Dictionary of National Biography, 1885-1900/Ingram, Dale

INGRAM, DALE (1710–1793), surgeon, was born in 1710, and, after apprenticeship and study in the country, began practice at Reading, Berkshire, in 1733, and there, in 1743, published ‘An Essay on the Gout.’ Later in that year he emigrated to Barbadoes, where he practised till 1750, when he returned to England and set up as a surgeon and man midwife on Tower Hill, London. In 1751 he published ‘Practical Cases and Observations in Surgery,’ his most important work. It contains records of cases observed in England and the West Indies. He describes one successful and one unsuccessful operation in cases of abdominal wounds penetrating the bowel. He washed the intestine with hot claret, and then stitched the peritoneum to the edge of the wound and the abdominal wall. The procedure is one of the earliest English examples of a method of surgery which has only been universally adopted within the last few years. In 1754 he went to live in Fenchurch Street, London, and in 1755 published ‘An Historical Account of the several Plagues that have appeared in the World since the year 1346.’ It is a mere compilation. On 24 Jan. 1759 he was elected from among five candidates to the office of surgeon to Christ's Hospital, and thenceforward resided there. He sometimes visited Epsom, and in 1767 published ‘An Enquiry as to the Origin of Magnesia Alba,’ the principal saline ingredient of the Epsom springs. A controversy had arisen as to the cause of death of a potman who had received a blow on the head in an election riot at Brentford in 1769, and he published a lengthy pamphlet entitled ‘The Blow, or Inquiry into the Cause of Mr. Clarke's Death at Brentford,’ which demonstrates that blood-poisoning arising from an ill-dressed scalp wound was the true cause of death. In 1777 he published ‘A Strict and Impartial Inquiry into the Cause of Death of the late William Scawen,’ an endeavour to prove that poison had not been administered. In 1790 it was stated that he was too old for his work at Christ's Hospital, and as he would not resign he was superseded in 1791. He died at Epsom on 5 April 1793.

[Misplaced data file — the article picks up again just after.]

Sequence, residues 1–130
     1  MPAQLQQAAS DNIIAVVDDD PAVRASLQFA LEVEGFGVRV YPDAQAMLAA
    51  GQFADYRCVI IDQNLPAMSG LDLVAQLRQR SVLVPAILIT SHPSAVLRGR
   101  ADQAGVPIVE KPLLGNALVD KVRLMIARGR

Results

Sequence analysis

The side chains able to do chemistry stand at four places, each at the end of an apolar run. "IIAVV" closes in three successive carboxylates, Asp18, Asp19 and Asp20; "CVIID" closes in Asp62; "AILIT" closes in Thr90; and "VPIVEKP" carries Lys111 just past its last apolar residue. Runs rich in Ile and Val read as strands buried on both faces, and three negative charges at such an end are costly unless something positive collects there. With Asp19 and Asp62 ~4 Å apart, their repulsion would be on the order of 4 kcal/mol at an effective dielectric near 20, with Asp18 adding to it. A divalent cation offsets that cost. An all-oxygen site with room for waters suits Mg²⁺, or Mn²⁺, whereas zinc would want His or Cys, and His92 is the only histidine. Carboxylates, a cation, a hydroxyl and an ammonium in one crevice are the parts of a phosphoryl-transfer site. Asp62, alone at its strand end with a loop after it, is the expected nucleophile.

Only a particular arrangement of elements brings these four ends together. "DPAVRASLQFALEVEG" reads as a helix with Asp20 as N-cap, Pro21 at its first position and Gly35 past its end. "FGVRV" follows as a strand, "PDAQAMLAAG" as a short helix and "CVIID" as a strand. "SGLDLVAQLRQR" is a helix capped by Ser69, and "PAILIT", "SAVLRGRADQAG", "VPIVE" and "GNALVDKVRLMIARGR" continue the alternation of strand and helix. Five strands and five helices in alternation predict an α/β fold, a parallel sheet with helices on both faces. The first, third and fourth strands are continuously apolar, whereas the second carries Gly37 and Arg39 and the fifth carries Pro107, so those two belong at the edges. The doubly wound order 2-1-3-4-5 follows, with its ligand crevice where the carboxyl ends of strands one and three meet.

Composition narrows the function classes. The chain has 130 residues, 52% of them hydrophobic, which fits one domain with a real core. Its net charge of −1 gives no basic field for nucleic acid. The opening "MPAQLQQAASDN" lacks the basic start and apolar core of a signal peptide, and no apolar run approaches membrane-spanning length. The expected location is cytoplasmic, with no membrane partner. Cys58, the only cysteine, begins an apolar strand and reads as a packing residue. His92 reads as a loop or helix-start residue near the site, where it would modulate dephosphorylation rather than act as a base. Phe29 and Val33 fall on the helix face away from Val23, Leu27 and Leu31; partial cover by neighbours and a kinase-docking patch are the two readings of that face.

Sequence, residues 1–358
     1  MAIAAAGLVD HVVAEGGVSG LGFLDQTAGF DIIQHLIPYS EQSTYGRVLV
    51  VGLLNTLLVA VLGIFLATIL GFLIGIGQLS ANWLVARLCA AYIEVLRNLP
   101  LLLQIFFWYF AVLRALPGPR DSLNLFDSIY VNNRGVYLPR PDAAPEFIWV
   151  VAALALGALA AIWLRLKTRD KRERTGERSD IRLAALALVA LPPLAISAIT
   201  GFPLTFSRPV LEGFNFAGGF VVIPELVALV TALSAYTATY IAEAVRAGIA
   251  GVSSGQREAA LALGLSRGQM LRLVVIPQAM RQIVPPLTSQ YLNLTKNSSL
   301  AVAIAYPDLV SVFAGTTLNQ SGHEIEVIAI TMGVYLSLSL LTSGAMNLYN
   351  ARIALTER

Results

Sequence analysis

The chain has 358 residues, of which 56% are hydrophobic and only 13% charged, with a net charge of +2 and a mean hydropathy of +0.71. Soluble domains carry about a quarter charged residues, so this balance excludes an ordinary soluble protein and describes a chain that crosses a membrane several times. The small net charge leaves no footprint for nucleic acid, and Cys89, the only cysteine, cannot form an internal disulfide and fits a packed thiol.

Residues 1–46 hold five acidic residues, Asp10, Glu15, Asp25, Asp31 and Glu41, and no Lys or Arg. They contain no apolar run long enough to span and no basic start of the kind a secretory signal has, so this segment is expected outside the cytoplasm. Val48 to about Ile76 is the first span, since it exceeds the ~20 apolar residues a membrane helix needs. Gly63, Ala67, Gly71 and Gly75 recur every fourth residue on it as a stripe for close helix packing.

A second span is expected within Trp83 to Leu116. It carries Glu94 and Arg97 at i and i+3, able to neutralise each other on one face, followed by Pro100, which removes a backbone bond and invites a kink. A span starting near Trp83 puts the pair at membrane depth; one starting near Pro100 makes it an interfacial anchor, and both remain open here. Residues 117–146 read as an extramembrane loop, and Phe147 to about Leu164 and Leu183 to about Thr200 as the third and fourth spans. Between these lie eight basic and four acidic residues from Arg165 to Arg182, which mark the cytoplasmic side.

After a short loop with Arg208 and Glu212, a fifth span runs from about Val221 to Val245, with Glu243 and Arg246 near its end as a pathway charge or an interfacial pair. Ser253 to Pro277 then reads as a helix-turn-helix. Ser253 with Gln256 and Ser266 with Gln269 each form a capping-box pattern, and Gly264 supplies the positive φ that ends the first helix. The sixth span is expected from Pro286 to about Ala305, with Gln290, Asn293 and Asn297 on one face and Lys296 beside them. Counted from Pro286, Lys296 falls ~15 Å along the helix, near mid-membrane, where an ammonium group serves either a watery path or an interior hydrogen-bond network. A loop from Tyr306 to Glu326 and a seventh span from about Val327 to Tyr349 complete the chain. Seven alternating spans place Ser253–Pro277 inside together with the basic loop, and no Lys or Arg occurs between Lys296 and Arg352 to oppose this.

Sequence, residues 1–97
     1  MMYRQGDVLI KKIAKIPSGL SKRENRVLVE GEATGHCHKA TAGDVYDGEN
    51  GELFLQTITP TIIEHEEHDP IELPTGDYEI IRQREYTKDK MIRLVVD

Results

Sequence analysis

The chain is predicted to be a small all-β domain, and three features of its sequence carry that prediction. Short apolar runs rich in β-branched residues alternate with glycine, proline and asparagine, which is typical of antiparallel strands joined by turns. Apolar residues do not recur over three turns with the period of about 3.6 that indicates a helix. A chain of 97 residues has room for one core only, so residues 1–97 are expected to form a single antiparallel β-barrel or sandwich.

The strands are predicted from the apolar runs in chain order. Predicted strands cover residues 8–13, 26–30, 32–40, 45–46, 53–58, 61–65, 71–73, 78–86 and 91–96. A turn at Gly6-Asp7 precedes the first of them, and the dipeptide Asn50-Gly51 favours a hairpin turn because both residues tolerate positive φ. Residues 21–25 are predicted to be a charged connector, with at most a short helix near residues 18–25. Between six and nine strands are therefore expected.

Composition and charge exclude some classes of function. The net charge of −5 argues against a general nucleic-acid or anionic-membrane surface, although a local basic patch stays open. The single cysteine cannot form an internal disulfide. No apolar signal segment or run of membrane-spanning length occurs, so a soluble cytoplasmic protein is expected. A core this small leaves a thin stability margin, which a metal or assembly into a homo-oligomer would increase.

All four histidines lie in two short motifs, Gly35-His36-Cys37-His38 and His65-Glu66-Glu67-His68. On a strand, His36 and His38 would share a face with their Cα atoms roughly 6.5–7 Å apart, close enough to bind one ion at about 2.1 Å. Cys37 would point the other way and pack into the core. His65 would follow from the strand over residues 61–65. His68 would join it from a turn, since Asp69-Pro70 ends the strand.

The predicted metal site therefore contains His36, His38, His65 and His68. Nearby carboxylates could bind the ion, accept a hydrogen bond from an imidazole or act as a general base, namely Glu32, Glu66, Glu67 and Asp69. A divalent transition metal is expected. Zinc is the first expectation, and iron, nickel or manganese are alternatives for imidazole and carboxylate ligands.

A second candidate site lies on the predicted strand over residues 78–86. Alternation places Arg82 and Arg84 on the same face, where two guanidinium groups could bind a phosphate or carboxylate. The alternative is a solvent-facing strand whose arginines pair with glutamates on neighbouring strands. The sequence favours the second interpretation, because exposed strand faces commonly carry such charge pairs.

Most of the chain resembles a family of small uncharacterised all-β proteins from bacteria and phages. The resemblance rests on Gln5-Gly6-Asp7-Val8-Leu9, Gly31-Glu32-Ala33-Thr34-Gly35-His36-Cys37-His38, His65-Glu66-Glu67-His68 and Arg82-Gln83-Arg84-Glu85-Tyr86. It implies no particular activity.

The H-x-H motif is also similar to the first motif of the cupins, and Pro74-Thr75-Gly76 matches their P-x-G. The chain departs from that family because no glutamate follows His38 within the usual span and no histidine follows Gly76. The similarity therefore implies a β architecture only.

[Works; original journals of Court of Governors of Christ's Hospital, examined by permission of the treasurer; original lists of surgeons in London at Royal College of Surgeons; Index Catalogue of Library of Surgeon-General's Office, Washington, U.S.A.; original parish registers of St. Bartholomew the Less, St. Sepulchre-extra-Newgate and Christ Church, Newgate Street; Gent. Mag. 1793, pt. i. p. 380.]

N. M.